On Sixth-day, 5th Month, 24th, the Provis. I were thorough Friends; but, out of Christian ional Committee of Friends' Foreign Missions, consideration for their weak and lately pagan and several other Friends interested in the brethren, and to avoid wounding the consciences object, assembled at the Bedford Institute, Spital. or distracting the poor minds of such, they fields.

| believed it might possibly be their duty not to Considerable discussion took place respecting interfere in these particular respects with the a proposal to change the form of the “ Provis. customs of religious worship and practice which ional Committee" into a regular organization, to have already been established amongst the Malabe named the Friends' Missiopary Society. Igassy converts by William Ellis and his brother Isaac Brown, William Thislethwaite, William missionaries, who were, under God, the pious Brewin, Edward Brewin, and several others, founders of the Christian church in that interthought it would be inexpedient to do so, inas-esting island. This explanation appeared to much as it was generally felt by the committee I give much satisfaction. A general interest in

MEETINGS FOR WORSHIP.

the work and prospects of the dear Friends en- the number of ministers, elders, and overseers; gaged in these distant and arduous undertak. but John Sargent deprecated any returns at all, ings was expressed feelingly by many present on saying that the strength of a church could not this occasion.

be estimated by mere pumbers. David was puoWhile engaged in answering the queries, ished for numbering Israel, and Elijah was told Jonathan Grubb expressed a very cheering by the Lord that there was a hidden 7000 who sense of encouragement at the present prospects had not bowed the knee to Baal. and condition of the Society. He thought that Gilbert Congdon then spoke in a very enin consequence of an increased individual faith-couraging manner of the state of the Society. fulness, and also of an improved legislation, we He had just returned from the Continent; and are now better than we recently were. There in mingling with sincere Christians in various is an increase of every kind of good work places on it, bad been pleased to find the geneamongst us, and our prospects are bright. ral bigh esteem with which Friends were reThere is no good in complaint, nor any cause for garded by such. Let this character be main. it; but we have abundant reason to thank God.tained by our keeping a siogle eye to Christ. The masses around us are increasingly ready to He also exhorted the elder Friends to show receive and appreciate our views of the spirito more practical sympathy with the numerous uality of the gospel and of worship. He has younger members now engaged in the “home often known strangers to acknowledge with missioa” work. E. C. May expressed unity tears that our principles are good. Let us-then with G. Congdon's views, but thought our Sociextend our efforts. Let us build new meeting-ety had as yet never attained the object conhouses, if necessary, in districts where there are templated by its founders-viz., the bringing done, but where the people are ready for them over of the mass of the people to its principles. He had lately held a crowded meeting in a Yet perhaps we did much good indirectly to chapel, within a mile of which was a closed these. Even the attendance of other places of Friends' meeting house.

worship by many memb. rs (which he regretted), But we must come down to the compreben- might result in bringing such back again to us sion of the masses in our teaching, in our lives, eventually more tban ever satisfied with our in our arrangements, and even in the very tones principles. Joseph Clarke (Bridgewater), S. of onr voice. Let pot any dear Friends assume Alexander, and James Bull acknowledged that a peculiar tope in preaching, for if they are tbey did not share in the encouraging views really under spiritual influence, there will be spoken of, but were amongst those who mourn no need for peculiar tones to intimate it. Such in Zion. Thomas Drewry again spoke of distopes detract from usefulness, especially amongst uniting with a prevalent unsound ministry. Alstrangers to us. Much of our machinery is still fred Lucas eutirely dissented from the opinion too ponderous. Let us more imitate our Lord that our prospects were bright. He thought and his apostles, who went about doing good in that Friends as a Society now neglect and ig. the most simple and inexpensive way. We are dore the influences of the Holy Spirit on almost Dothing; Christ is all. Therefore let us culti. every occasion. He asserted that there is a real vate simplicity in everything. This indeed schism in the body, and that this is not merely specially befits us as the disciples of him who, the fault of the young Friends, but rather of had not wbere to lay his head.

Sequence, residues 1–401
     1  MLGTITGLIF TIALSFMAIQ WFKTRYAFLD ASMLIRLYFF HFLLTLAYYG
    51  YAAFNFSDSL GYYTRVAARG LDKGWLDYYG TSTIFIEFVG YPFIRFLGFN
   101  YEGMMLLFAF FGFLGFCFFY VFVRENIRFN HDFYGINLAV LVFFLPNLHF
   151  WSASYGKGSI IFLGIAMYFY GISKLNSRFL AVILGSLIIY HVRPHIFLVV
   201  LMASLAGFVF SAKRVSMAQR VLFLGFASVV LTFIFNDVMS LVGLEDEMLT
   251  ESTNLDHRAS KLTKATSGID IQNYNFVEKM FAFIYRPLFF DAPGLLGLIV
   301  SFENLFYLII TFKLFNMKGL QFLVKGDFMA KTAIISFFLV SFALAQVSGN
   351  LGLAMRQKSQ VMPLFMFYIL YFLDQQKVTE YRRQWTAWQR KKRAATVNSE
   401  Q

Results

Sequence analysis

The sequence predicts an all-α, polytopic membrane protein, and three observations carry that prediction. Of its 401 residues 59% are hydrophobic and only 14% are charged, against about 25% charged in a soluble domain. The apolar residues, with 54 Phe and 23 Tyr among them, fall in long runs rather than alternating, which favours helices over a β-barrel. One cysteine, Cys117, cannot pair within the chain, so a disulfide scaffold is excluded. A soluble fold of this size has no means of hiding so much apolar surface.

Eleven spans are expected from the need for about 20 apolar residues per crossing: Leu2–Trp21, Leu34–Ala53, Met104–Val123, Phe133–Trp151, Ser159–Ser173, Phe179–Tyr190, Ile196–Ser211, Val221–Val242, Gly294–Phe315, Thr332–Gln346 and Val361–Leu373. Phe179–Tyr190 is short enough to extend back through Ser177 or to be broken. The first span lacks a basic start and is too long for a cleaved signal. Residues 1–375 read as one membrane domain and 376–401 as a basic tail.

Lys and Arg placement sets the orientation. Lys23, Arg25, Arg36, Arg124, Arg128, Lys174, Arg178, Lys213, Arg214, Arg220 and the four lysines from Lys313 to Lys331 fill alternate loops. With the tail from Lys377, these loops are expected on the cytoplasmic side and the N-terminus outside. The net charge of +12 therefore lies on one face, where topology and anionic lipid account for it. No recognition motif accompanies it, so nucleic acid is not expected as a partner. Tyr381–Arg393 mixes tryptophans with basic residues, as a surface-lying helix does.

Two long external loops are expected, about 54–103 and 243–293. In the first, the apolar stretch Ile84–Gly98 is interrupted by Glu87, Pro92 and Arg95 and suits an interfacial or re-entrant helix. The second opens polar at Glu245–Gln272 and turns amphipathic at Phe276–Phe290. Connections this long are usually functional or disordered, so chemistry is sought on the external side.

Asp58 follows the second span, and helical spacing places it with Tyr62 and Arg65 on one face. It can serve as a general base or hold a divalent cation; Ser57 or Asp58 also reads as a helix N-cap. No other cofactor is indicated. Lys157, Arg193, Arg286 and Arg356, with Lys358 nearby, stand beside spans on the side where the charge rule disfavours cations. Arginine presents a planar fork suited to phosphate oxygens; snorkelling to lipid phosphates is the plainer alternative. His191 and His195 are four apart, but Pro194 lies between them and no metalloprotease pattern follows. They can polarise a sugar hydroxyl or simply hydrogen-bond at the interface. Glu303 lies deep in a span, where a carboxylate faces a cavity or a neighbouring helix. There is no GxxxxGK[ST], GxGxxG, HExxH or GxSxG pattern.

the reputed leaders of this people. Seventh-day morning, 5th Month 25th.-At

(To be continued.) the commencement of this sitting the annual «« Tabular Statement” was read. From this it ap

| The following extract is from an article en. peared that there are within the compass of the

Yearly Meeting 327 particular meetings, includ-titled “Situations Wanted,” which was published . ing 13,786 wembers, and 3582 habitual attenders in the Public Ledger of Philadelphia. We who are not members. During the past year deem the subject one of importance, and one there have been 61 marriages, 263 births, and 275 deaths; 90 convincements, 23 reinstate

which should claim the serious consideration of ments, 85 resignations, 37 disowoments, and al- | parents and guardians. together a total apparent increase of 30 men- “ There is a growing tendency among shortbers, but really of only 11 since last year. Io sighted parents and guardians to put their boys Australia and Tasmania there are 241 Friends, in offices, under a false impression that such ocamougst whom one copvincement is reported cupation is more genteel than the learning of a In the London Yearly Meeting there are 38 trade. This is a most mischievous notion, and meetiogs of less than 5 members ; 45 of be one that is likely to entail upon their children tween 5 and 10; and 62 of between 10 and 20. troubles and sorrows and heartburnings during There are 6 meetings with upwards of 300 mem- all the rest of their lives. All business is sub. bers.

ject to fluctuations, which the wisdom of man Joba Pryor advocated an annual return of and of goveruments have been thus far unable